On a related note, if you don’t get the LA Times and don’t care about passwords, check Sunday’s article about the relationship between basketball players, referees and spectators when the game was played in a cage. The point is, before deciding things now are horrible, look to the past (and not just last week) when in most cases things were worse.

    Even as a card-carrying anti-changeite (I used a rotary dial telephone into the mid-90s) I retain enough reason to recognize that most things have gotten better during the last few centuries and even during my lifetime. Some developments, like those alleuded to by Marius, have been unfortunate, but most have been positive.

  17. in the area of speech, one would be hard-pressed to point to 75 years ago or 50 years ago or 25 years ago as better for “free speech.”

    assuming one likes free speech and means it, at least in part, as “the greatest access to the greatest freedom for the greatest number of individuals.

    i think perhaps speech was what mr. gillespie was referring to.

    o’reilly is very entertaining, though i do hope he adopts a pair of bunny ears one day.

  18. I remain a big fan of … The O’Reilly Factor, which continues to set the pace of cable yak shows for any number of good reasons. (Nick Gillespie)

    Well, there’s another illusion shot to hell.

  19. O’Reilly is a paternalistic elitist. He yearns for the Levittown of the ’50s, when the mainstream media was controlled by “professionals” and the government schools taught the consensus reality on the Cold War, New Deal, and the rest of the FDR/Truman welfare-warfare state. And of course, when “the folks” had people like him “lookin’ out” for them. And “the Founding Fathers,” he adds, didn’t see freedom of the press as an adversarial system in which truth emerged from conflict. The First Amendment was intended to give professional protection to a “responsible” press, operating according to Walter Lippman’s technocratic canons of “objectivity.”

    Despite his fake populist facade, O’Reilly fairly drips with paternalism. He came right out and said, after his on-air meltdown with Jeremy Glick, that he wouldn’t “allow” his audience to hear such nonsensical claims because he had a duty to protect them from (I guess) the danger of finding them persuasive. At heart, he has the same view of the marketplace of ideas as did the sophists and rhetoricians of 5th century BC Athens: the human mind is not a tool for evaluating conflicting arguments, but rather waits to be captured by the most forceful rhetoric. Therefore, the many must be protected from error by the few who are capable of perceiving the real truth.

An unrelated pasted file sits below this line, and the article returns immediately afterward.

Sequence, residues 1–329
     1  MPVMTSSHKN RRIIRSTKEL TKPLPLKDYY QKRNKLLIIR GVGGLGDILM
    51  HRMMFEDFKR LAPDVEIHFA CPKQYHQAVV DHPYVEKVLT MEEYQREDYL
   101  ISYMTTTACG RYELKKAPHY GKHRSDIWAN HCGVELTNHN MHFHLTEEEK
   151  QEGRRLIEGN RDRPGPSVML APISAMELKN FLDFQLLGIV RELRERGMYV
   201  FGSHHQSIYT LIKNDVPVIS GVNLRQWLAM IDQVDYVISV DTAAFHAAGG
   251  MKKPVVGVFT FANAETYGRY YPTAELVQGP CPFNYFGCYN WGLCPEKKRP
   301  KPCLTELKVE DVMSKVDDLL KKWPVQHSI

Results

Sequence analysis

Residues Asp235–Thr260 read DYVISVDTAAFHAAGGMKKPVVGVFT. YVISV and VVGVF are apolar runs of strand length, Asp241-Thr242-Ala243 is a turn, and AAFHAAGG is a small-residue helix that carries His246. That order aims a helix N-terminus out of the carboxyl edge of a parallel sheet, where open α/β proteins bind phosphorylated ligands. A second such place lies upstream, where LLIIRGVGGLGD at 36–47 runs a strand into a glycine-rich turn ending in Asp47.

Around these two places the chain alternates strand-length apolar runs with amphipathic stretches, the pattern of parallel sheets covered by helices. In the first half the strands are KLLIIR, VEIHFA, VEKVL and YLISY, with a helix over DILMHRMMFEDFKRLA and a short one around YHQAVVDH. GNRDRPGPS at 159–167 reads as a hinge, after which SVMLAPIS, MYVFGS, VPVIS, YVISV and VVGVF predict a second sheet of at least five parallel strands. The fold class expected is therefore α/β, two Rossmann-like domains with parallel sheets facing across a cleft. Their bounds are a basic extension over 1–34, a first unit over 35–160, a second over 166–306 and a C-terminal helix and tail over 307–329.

Thank God “the folks” have O’Reilly “lookin’ out” for them.

    What a despicable whore he is.

  20. Xlrq: You’re spot on about the word “fair”. I have come to loathe that word in a political context because it means nothing more than “stuff I like.” But it sounds good, because who could be against fairness? Other meaningless, emotionally loaded words and terms include “exploitation” and “social justice.”

    Mr. Nice Guy: LOL! Yeah, I’ve had quite enough “crusaders” already, thanks…

  21. i would add “freedom” to that list.

    most who extole it don’t seem very into it (when it comes to the actions of others, of course).

  22. I kind of enjoy his show sometimes, but the dude cetrainly can be a toolbox.

  23. So you can actually tell the validity of a position by whether its proponents use the word “fair?”

    I guess fairness, like peace, is something Americans aren’t supposed to value anymore.

  24. Joe,
    Not to anwer the obvious, but I think what was being talked about is how “fair” has become a euphemism. That in many cases means something quite different from the original meaning in the English language.

    Much like your people have used “peoples republic” to describe something that is not really a peoples republic.

  25. kwais, there are some seriously lazy thinkers on this board. There are people who, on a regular basis, decide they are one one side of an issue because the other side describes it cause as benefitting children – I’m not making that up, just hang around for a day or two.

    Now JD and Xlrq decide that it’s appropriate to dismiss arguments that use the word “fair.” Just pointing out the sloppy thinking that goes unchallenged in these parts.